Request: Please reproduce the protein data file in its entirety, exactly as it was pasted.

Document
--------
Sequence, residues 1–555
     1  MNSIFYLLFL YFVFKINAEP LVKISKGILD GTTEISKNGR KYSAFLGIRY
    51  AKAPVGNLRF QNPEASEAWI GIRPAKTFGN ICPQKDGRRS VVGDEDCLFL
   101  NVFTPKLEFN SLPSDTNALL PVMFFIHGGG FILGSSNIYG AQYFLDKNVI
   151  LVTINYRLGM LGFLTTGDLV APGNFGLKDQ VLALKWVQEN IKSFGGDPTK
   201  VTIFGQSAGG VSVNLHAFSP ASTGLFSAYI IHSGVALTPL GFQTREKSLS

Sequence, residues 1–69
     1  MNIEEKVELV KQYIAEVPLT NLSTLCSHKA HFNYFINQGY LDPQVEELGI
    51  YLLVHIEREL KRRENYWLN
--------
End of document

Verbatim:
Sequence, residues 1–555
     1  MNSIFYLLFL YFVFKINAEP LVKISKGILD GTTEISKNGR KYSAFLGIRY
    51  AKAPVGNLRF QNPEASEAWI GIRPAKTFGN ICPQKDGRRS VVGDEDCLFL
   101  NVFTPKLEFN SLPSDTNALL PVMFFIHGGG FILGSSNIYG AQYFLDKNVI
   151  LVTINYRLGM LGFLTTGDLV APGNFGLKDQ VLALKWVQEN IKSFGGDPTK
   201  VTIFGQSAGG VSVNLHAFSP ASTGLFSAYI IHSGVALTPL GFQTREKSLS

Sequence, residues 1–69
     1  MNIEEKVELV KQYIAEVPLT NLSTLCSHKA HFNYFINQGY LDPQVEELGI
    51  YLLVHIEREL KRRENYWLN